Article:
know about CT should mandate sex education in wake of Dobbs ruling
The recent decision of the Supreme Court in Dobbs V. Jackson Women’s Health Organization — the ruling that overturned Roe v. Wade — violates our inherent right to bodily autonomy. As a 20-year-old woman, this new reality is completely terrifying.
Despite this tragic change in federal policy, Connecticut has been at the forefront of this issue, ensuring abortion is still legal and supported by the state. In May, Governor Ned Lamont signed Public Act 22-19 that protects women who travel to Connecticut for an abortion, and also protects health care professionals who perform abortions.
The state has established itself as a leader in reproductive freedom. However, Connecticut has yet to use one essential strategy: comprehensive sex education.
According to a very respected study published in the American Journal of Preventive MedicineComprehensive sexuality education has been shown to reduce rates of teen pregnancy, risky sexual behavior, and sexually transmitted infections. However, despite these compelling medical findings, Connecticut does not require comprehensive sex education in public schools.
Instead, local school boards decide what is taught. The evidence shows that local control produces mixed results. For example, poorer school districts are at a disadvantage as their budgets may not allow for an additional program. Additionally, some school districts may choose to teach abstinence-only sex education, that has not been shown to reduce teen pregnancy.
As a result of local control, as of 2020, only 54% of Connecticut high schools teach students all critical sexual health topics recommended by the Centers for Disease Control (CDC). Without a state mandate, individual schools can set specific policies about what is taught. Essentially, schools are not bound by the guidelines set forth by the CDC, although these guidelines cover all essential aspects of comprehensive sexuality education.
As a result, many students lack the information they need to make smart, healthy decisions about sex, disease prevention, and birth control. Importantly, the skills taught in sex education are lifelong ways to protect women from unwanted pregnancies.
Once people learn information about boundaries, healthy relationships, sexual health, and birth control, they can consistently make informed decisions about their bodies. These skills are not only important for pregnancy prevention but also for an individual’s sense of autonomy. All students benefit from sexuality education as the information they are taught allows them to make informed and safe decisions about their sexual health.
Connecticut has a relatively low level adolescent pregnancy rate of 7.6 births per thousand women aged 15 to 19 years. However, this rate is higher than the neighboring states of Massachusetts, Rhode Island, and New Hampshire. Both Rhode Island Y new hampshire require that sex education be taught in school. This means that all students who attend public schools are exposed to and taught the essential skills of sex education.
These data point to a clear correlation between compulsory sex education and reduced teen pregnancy rates. Weather Massachusetts does not require sex education, research shows that 61.6% of high schools teach the 20 topics suggested by the CDC for comprehensive sex education, compared to 54% of schools in Connecticut. While there is no mandate, the correlation between access and reduced birth rates is clear.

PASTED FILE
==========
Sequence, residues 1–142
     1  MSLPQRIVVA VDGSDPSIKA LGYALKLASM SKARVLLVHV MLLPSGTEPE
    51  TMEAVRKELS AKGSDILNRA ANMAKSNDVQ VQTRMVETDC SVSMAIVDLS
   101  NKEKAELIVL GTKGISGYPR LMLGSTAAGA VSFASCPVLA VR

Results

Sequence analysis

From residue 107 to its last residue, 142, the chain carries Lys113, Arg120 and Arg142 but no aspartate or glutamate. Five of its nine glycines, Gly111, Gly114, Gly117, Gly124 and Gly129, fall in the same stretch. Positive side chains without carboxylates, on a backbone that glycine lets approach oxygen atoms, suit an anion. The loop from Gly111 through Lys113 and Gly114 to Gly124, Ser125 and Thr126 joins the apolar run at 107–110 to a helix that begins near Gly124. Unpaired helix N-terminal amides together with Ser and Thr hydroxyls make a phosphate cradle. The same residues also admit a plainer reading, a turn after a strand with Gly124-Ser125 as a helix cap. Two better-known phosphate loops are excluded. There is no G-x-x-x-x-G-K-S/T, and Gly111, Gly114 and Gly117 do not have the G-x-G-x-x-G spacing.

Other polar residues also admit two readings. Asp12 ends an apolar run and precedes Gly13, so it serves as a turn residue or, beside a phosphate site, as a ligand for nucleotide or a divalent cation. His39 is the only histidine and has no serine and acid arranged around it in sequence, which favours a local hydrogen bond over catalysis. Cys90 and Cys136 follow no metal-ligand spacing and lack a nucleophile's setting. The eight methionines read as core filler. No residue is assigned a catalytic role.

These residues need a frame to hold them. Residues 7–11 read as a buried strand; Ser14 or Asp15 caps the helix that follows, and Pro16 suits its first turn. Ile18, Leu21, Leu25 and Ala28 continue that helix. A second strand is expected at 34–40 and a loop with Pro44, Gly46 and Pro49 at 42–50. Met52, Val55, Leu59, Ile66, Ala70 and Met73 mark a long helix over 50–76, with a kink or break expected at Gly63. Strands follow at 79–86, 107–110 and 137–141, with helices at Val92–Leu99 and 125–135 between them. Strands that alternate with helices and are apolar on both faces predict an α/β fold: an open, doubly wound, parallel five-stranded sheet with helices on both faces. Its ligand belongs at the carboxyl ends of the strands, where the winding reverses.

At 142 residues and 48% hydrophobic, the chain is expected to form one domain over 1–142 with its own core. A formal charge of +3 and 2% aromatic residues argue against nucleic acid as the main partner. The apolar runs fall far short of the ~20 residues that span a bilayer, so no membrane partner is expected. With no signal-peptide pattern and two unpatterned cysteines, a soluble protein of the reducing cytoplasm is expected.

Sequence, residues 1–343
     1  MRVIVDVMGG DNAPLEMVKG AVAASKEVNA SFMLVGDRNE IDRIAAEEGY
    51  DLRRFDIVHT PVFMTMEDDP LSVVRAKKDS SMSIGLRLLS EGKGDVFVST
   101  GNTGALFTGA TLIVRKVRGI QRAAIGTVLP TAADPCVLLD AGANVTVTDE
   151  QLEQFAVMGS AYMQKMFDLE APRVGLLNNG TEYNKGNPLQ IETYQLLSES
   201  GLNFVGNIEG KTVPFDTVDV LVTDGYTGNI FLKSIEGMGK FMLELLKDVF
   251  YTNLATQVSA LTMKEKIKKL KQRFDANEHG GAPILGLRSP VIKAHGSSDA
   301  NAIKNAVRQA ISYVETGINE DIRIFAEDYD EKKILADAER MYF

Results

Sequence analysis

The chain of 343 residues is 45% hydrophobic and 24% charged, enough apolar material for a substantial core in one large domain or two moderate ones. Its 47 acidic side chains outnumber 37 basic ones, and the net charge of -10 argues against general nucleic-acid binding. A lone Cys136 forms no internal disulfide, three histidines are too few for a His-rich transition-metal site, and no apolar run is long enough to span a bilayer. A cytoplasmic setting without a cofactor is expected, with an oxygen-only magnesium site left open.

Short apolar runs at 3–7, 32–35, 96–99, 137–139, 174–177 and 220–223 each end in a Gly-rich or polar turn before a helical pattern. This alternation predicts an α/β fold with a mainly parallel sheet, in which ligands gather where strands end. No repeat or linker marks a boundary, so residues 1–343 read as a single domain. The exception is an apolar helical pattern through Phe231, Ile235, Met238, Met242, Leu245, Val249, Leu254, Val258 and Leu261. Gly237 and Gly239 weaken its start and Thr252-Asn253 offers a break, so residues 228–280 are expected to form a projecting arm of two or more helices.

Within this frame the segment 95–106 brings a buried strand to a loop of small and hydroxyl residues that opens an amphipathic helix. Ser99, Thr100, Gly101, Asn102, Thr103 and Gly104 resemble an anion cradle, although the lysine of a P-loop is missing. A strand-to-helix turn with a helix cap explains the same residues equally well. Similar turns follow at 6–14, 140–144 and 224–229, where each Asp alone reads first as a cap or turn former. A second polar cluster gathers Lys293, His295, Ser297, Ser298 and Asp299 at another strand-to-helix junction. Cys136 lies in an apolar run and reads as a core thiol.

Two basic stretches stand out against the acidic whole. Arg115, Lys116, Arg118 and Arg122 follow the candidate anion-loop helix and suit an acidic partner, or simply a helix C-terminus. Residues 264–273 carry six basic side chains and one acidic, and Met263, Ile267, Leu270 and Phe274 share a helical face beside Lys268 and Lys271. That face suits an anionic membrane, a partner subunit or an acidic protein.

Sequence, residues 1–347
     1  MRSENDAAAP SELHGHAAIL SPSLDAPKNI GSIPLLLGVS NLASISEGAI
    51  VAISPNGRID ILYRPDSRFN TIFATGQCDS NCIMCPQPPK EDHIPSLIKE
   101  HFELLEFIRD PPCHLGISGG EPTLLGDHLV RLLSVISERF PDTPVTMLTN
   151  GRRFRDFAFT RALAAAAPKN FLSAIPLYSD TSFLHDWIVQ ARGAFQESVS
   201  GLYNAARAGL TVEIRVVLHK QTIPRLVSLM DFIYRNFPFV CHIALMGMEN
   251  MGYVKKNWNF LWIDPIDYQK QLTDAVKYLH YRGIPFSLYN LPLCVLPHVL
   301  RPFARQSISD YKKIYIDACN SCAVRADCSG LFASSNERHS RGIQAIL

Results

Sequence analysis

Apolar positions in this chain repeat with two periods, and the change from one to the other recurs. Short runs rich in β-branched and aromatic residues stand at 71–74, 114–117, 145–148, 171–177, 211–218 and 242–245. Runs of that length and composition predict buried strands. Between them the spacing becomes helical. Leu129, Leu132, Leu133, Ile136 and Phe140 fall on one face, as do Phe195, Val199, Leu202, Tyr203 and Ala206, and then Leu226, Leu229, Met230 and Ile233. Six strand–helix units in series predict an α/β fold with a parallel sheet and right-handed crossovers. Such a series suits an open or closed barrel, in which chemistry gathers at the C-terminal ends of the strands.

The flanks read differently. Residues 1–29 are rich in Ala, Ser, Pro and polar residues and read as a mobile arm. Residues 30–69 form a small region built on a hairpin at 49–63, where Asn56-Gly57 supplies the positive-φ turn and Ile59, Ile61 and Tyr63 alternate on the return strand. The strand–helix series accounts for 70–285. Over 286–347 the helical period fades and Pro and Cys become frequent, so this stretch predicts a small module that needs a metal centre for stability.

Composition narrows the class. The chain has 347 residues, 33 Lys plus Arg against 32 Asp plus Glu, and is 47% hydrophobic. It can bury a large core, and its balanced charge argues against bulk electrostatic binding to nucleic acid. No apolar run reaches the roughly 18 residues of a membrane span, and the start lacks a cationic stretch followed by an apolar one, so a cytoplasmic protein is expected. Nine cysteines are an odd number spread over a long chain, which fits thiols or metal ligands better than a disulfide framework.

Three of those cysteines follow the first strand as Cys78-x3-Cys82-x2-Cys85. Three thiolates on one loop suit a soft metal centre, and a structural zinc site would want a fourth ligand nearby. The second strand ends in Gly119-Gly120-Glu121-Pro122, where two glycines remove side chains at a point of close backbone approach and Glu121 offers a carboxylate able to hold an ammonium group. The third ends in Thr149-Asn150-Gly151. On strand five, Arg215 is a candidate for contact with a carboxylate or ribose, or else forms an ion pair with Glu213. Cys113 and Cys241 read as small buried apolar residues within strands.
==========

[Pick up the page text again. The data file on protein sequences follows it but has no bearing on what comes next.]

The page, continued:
Importantly, compliance with CDC guidelines is even more prevalent in Rhode Island and New Hampshire, where 68.1% and 64.4% of schools teach all 20 core subjects. The data suggested that a state mandate equates to more schools teaching all of the essential components of comprehensive sexuality education. Greater access to sex education is imperative to lower teen pregnancy rates.
Studies confirm that 60% of comprehensive sex education programs have been shown to reduce unprotected sex among teens. Education is a critical component in mitigating teen pregnancy; however, Connecticut has yet to fully utilize this valuable resource.
The way out of ConnecticutmeterThe Department of Education has developed guidelines on Comprehensive Sex Education; however, these guidelines are only suggestions and not mandates.
The guidelines include important concepts such as human development, communication, decision-making skills, and extensive information on contraception. Still, without a comprehensive sex education requirement, the Department of Education cannot ensure that this essential information is provided to all students.
Sexual health, consent and relationship education increases an individual’s power over their body by enabling them to make informed decisions. By requiring access to comprehensive sex education, the state can give all students the power to make decisions about their bodies.
The time has come for Connecticut to take proactive and decisive action. With the hearts and minds of the nation focused on reproductive rights and personal autonomy, state politicians have a unique opportunity to effect positive change. By expanding comprehensive sex education to all Connecticut students, young people will be better equipped to make informed decisions about sexual intimacy and reproductive health at a time when the Supreme Court is intent on reining in their bodies. Currently, there is a formidable threat to legal access to abortion. Top Republicans have already called for federal bans on abortions.. Duke University projects that a total abortion ban would increase pregnancy-related deaths by twenty-one%. With the uncertain future of reproductive freedom everywhere, it is critical that Connecticut invest in proactive pregnancy prevention strategies. Without safe and legal abortions, these measures could be the difference between life and death.
Lillian Ryan is a student at Trinity College.